12 Sulu-bound MNLF recruits held in Zamboanga City
ZAMBOANGA CITY, Zamboanga del Sur –– Authorities have intercepted 12 Sulu-bound members of the Moro National Liberation Front (MNLF) who came from Zamboanga del Sur, supposedly concerning the establishment of a camp in a village in Siasi town.
Police and soldiers belonging to the Joint Task Force Zamboanga held the MNLF members for questioning as they alighted from a bus around 6:30 a.m. Friday.
Major Edwin Duco, spokesperson of the Zamboanga City Police Office, said the 12 men presented themselves as members of the MNLF’s Pagadian City Base Command and were en route to Laminusa, Siasi for an event.
Duco said the men claimed to be new MNLF recruits.
A certain Nasser Alibasa, one of the 12 men, showed a letter order dated January 5, 2020, addressed to presidential peace adviser Carlito Galvez Jr. informing him about the camp registration and recognition, to be held in Laminusa.
The letter came from a certain Allang Igbacio Guraili Jr., who was indicated as liaison officer of the MNLF Peace Panel and commandant of the MNLF Coast Guard.
Guraili in his letter claimed that he was under instruction from MNLF founder Nur Misuari, to establish camp in Laminusa.
Guraili further said in his letter that the travel of the 12 men is covered with clearance by President Duterte.
But the police and soldiers did not allow them to pass through the city; they were instructed to board the next bus for Pagadian City.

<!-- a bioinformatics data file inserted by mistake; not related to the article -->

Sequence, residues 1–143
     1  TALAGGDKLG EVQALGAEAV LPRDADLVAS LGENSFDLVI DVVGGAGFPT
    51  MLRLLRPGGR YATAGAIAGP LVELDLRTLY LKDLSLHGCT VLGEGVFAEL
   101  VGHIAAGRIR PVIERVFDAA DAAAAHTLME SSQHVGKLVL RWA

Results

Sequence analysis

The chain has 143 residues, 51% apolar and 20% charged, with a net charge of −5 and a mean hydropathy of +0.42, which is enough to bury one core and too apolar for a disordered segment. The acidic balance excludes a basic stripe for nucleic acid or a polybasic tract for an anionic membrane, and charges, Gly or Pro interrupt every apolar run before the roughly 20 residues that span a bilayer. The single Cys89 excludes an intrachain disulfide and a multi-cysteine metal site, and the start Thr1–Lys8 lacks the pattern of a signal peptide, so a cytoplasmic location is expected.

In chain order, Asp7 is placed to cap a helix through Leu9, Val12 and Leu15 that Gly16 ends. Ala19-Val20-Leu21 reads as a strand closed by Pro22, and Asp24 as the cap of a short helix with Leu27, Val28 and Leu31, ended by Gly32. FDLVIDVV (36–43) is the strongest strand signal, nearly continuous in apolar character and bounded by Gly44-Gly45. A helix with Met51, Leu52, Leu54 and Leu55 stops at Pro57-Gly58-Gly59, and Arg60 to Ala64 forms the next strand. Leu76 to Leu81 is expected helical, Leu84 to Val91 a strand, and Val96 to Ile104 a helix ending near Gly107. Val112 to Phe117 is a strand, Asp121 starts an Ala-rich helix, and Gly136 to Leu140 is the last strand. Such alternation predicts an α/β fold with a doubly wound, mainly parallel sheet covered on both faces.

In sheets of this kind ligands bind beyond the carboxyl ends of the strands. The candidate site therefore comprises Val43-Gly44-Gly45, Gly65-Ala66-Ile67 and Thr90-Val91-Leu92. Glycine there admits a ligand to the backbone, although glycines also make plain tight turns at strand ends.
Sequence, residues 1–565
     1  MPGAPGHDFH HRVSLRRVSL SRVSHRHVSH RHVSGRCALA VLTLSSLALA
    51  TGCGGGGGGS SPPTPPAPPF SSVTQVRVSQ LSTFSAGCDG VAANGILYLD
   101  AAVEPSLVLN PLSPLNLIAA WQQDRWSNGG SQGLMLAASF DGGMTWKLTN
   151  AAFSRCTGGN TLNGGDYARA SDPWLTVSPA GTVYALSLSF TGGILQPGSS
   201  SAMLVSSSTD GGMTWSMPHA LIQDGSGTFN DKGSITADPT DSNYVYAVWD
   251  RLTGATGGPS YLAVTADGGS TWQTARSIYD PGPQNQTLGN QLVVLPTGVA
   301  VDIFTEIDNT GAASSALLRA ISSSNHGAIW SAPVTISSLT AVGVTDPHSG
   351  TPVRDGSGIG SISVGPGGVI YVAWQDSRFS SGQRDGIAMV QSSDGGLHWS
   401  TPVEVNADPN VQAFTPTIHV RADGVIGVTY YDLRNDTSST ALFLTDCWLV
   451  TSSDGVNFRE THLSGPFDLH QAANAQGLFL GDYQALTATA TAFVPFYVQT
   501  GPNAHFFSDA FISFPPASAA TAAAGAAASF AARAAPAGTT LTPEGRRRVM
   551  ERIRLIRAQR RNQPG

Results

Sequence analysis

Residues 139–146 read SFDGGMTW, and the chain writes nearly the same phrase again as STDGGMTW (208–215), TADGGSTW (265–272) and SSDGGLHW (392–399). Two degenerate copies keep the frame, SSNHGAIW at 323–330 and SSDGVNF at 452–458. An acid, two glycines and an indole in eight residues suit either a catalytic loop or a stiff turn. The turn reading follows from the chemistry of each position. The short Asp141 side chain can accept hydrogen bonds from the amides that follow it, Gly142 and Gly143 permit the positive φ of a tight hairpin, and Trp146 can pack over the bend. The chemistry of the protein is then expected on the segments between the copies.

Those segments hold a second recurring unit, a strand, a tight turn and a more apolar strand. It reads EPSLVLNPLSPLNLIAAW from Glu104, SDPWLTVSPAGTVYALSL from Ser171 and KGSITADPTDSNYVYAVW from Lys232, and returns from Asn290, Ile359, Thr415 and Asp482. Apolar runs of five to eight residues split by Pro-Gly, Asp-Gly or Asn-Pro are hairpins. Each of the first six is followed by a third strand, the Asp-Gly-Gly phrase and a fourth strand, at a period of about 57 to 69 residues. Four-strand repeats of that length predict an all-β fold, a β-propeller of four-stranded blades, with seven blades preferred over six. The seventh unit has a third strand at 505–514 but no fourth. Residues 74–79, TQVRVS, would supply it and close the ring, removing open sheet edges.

Sought for comment, Galvez told the Inquirer that the MNLF is “not authorized to establish a new camp.”
“It violates the Final Peace Agreement. What we only allow is the formation of the government-MNLF Peace Coordinating Committee at the national level,” Galvez said.
He added that the supposed directive from Guraili “is illegal since there is only one Philippine Coast Guard.”
About six of the 12 men were young, and during the initial interrogation, a couple of them cried due to fear.
Alibasa said they were just passing through the city, unaware that MNLF movements were restricted here.
“We are (just) passing through, our destination is Siasi, Sulu and we mean no harm in passing here,” Alibasa said in Tagalog, admitting that they were all traumatized by the experience.
The military and police here have continued to impose a “No ID, No Entry” policy, skeptical about movements of armed men, especially those identified with Misuari, whose followers laid siege on the city in September 2013.
Edited by LZB
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